Richard Carranza

Meisha Ross Porter will become the first Black woman to lead the nation’s largest school system.
“We do not want to impose additional trauma on students that have already been traumatized,” the chancellor said.
In a major shift for the nation’s largest public school system, de Blasio said the city will no longer use a percentage positivity rate to shutter buildings across the five boroughs.
About 100,000 school age children live in households without internet, Stringer estimates.
City touts restorative practices, but acknowledges ‘work to do’ as racial disparities persist.
With fewer students than expected in school buildings, those who remain could get more days of in-person classes.
Thursday marked a significant milestone: the first time that all 1,600 district schools opened their doors to students since March, when the coronavirus brought routines to a screeching halt.
Meanwhile, device-less students are using cell phones, devices with cracked screens, borrowing what they can from relatives or resorting to paper packets, they said.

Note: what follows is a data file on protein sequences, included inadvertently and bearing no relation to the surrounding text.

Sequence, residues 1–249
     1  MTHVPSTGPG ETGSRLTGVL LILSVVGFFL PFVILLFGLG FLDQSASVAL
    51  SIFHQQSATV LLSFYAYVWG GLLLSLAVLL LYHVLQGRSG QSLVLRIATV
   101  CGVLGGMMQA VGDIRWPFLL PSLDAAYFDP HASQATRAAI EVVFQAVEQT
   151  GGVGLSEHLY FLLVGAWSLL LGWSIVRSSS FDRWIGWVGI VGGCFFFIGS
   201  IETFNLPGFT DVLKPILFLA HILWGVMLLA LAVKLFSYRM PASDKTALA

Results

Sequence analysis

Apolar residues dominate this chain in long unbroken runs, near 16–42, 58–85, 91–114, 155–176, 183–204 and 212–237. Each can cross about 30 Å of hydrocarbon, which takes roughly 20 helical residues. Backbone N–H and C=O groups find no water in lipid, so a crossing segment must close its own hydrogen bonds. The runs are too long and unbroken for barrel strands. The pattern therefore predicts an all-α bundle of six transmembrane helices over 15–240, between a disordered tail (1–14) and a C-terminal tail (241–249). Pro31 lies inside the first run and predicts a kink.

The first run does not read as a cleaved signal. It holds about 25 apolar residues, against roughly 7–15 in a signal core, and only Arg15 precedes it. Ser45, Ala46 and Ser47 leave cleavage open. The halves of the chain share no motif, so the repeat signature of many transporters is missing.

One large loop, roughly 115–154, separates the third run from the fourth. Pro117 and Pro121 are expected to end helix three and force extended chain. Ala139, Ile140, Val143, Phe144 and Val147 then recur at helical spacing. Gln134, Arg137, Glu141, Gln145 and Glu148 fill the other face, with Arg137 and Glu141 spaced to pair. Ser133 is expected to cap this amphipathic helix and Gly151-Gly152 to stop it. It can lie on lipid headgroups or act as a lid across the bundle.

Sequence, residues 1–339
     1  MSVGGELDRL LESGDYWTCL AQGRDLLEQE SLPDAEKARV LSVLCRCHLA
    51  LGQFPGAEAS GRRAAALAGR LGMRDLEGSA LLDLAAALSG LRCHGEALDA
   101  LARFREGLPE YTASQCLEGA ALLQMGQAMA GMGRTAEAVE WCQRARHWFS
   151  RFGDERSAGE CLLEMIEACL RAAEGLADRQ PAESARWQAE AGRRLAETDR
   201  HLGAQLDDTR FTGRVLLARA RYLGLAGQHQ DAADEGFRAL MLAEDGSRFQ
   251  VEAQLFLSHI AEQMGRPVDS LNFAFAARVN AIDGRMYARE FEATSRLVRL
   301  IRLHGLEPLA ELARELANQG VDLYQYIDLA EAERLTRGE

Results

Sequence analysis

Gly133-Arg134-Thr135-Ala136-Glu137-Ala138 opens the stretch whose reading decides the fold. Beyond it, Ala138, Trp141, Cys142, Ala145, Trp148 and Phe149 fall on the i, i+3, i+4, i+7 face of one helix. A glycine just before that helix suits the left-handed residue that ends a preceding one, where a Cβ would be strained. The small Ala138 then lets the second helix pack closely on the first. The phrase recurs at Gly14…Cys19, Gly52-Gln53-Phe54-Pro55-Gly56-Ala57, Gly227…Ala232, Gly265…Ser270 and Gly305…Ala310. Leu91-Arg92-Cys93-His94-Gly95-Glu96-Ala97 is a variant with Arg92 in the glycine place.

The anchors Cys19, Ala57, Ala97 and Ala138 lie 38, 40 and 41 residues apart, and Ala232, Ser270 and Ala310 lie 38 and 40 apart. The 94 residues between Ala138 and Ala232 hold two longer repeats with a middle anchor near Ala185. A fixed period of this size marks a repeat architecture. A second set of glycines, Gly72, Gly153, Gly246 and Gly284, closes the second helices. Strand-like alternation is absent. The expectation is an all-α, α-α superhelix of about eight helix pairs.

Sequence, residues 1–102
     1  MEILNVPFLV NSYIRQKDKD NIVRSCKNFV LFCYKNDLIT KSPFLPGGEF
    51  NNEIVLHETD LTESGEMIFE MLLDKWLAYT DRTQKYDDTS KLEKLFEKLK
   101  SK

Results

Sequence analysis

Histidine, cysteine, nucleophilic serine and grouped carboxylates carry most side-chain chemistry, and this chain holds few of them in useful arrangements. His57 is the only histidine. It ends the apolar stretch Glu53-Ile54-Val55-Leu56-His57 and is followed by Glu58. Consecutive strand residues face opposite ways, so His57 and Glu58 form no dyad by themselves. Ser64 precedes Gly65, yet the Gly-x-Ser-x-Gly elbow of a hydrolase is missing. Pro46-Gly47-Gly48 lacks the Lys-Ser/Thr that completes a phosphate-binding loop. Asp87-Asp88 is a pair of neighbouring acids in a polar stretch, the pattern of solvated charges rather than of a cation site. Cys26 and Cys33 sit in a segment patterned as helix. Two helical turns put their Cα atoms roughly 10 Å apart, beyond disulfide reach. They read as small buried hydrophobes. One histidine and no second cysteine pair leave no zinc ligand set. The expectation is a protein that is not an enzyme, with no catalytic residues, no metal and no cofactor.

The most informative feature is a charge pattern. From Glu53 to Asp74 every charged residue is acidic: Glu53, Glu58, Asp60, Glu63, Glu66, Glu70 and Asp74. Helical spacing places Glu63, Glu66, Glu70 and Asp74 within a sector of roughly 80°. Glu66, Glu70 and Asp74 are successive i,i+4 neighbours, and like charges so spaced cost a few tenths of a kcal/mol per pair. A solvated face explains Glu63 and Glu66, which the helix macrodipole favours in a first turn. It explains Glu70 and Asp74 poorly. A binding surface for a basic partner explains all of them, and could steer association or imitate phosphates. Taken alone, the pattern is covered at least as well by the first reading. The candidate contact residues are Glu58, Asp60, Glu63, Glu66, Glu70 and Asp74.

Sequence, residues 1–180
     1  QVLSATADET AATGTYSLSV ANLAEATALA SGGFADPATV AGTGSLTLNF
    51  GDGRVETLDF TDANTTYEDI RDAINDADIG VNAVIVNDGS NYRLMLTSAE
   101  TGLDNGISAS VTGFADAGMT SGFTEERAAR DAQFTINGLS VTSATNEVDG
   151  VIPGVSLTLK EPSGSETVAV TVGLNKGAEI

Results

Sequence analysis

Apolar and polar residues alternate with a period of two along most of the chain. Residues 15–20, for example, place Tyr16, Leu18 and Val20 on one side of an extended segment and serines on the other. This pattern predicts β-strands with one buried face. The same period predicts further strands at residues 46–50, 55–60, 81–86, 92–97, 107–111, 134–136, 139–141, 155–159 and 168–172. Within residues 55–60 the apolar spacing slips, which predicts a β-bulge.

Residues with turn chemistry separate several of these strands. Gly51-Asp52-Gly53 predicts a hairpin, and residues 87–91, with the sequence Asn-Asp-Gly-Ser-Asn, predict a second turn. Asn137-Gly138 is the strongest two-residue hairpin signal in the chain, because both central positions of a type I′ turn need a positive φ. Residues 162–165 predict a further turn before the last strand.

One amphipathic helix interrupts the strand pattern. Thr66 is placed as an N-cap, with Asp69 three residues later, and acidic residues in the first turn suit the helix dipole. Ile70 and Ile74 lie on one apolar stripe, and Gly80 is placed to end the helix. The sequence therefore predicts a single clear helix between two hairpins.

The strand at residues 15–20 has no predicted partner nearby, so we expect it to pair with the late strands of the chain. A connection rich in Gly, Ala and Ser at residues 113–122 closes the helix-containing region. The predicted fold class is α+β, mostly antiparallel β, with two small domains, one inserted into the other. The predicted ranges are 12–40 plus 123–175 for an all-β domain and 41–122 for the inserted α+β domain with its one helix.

Department leaders, principals, teachers, and parents are still scrambling to figure out what schooling during a pandemic will look like.
Calling for a strike ratchets up pressure on Mayor Bill de Blasio to delay the scheduled return to in-person instruction on Sept. 10.
Many school leaders and teachers feel that the mayor has not given them the guidance and resources to make a safe return feasible.
Carranza’s comments came during an hourslong public meeting, during which dozens of New Yorkers pleaded with the city’s education department to delay its plans to reopen school buildings on Sept. 10.
School leaders from District 6, which includes Inwood and Washington Heights, are asking Mayor Bill de Blasio and Chancellor Richard Carranza for more time for logistical planning.
Schools will soon begin letting families know which days their children will attend in person.
Thursday’s announcement addressed just one concern of the unions representing teachers and principals, which have pushed back strongly on the city’s school reopening plans.
A Sept. 10 school opening ignores “dire warnings” from principals, says the head of the principals union.
The numbers reflected the vast desire to be back in school buildings, de Blasio said. But families can switch to remote-only learning at any time during the school year.
City officials say school leaders wanted control over devices. But principals say they are concerned about their budgets.
Shortfalls mean pausing a popular school supplies program and reducing wraparound services.
City officials say both scenarios are untenable, and New York has joined a multi-state lawsuit arguing these options should be thrown out.
If the city’s infection rate surges past 9% later in August or after the school year starts, schools will be forced to close.